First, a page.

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Richard Jolley making glass installation for KMA

Post Time:Mar 19,2012Classify:Company NewsView:258

Dozens of blown glass birds created in hues of ebony wing forever in flight.

 

Clear glass thistles, each about the size of a fist, shine on slender, 12-foot-tall trees.

 

Larger-than-life human figures of glass and steel stand or recline.

 China Glass Network

Birds, trees and human forms are glimpses of a multiyear work Knoxville artist Richard Jolley is creating for the Knoxville Museum of Art. Come 2014, this glass-and-metal narrative of a life cycle will be exhibited permanently 11 feet above the floor of the museum's Great Hall overlooking World's Fair Park.

 

In his West Knoxville studio, Jolley and six employees are constructing the installation that will total 180 running feet as it covers the hall's long interior wall and some of its ceiling. Museum officials say the as yet untitled work will be among the largest glass installations in the United States and a transforming piece for the museum at World's Fair Park. "I think it will change everything," says KMA Executive Director David Butler.

 

The artistic accomplishment also is a technical feat. While glass is often thought of as lightweight, Jolley estimates the finished work will weigh about 7.5 tons. All but one part — a 22-foot-tall "tree of life " — will be far above eye level.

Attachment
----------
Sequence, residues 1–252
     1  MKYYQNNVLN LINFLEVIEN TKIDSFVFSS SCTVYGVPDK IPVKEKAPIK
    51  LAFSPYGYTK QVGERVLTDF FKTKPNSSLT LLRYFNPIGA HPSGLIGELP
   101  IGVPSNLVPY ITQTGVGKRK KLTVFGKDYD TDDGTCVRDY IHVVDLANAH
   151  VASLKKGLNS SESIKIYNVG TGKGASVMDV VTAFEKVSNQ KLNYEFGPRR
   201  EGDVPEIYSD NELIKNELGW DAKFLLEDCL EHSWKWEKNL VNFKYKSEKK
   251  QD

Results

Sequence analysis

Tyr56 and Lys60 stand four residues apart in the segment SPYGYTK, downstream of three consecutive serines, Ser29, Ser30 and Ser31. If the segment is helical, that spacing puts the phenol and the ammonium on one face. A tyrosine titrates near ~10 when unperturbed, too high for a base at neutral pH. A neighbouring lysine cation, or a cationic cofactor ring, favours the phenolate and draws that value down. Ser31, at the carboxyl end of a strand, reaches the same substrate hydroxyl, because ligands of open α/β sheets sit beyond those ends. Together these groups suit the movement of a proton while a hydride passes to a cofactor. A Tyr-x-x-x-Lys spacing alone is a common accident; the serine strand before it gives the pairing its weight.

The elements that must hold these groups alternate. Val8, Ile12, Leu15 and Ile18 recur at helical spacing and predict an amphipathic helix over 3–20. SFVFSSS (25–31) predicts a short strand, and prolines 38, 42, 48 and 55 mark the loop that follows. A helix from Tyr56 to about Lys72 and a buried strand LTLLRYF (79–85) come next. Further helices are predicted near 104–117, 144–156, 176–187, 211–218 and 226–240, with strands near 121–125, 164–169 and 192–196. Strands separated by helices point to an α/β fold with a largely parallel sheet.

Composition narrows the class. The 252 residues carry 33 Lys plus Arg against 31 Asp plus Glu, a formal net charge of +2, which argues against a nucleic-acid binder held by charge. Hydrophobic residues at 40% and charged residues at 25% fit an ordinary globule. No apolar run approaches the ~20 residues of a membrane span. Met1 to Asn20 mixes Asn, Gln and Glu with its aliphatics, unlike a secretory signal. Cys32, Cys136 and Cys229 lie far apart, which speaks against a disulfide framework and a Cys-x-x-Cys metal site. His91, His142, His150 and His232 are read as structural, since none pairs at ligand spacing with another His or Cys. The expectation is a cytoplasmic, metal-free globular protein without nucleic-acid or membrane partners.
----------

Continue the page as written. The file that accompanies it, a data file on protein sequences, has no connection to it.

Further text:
The idea for the installation began when Butler and Jolley began talking about doing "something" for the white-walled, multi-windowed Great Hall. "It always felt very empty to me, like it wanted to have something in it," Butler says.

 

The piece is a gift from Steve and Ann Bailey of Knoxville. They donated $1 million for the work; Steve Bailey is a former chair of the museum board. The Baileys' only direction to Jolley was simple.

 

"The only charge they gave him is when they walk into the Great Hall they want to say, 'Wow,' " says artist Tommie Rush, who is Jolley's wife. While Jolley isn't revealing all his plans, what visitors to his studio have seen supports the "wow" factor. The installation will tell its story in a procession that incorporates what Jolley calls six earth icons along with a seventh piece of imagery representing the sky. He defines the earth elements as "primordial," "emergence," "flight," "desire," the "tree of life" and "contemplation."

Source: www.knoxnews.comAuthor: shangyi

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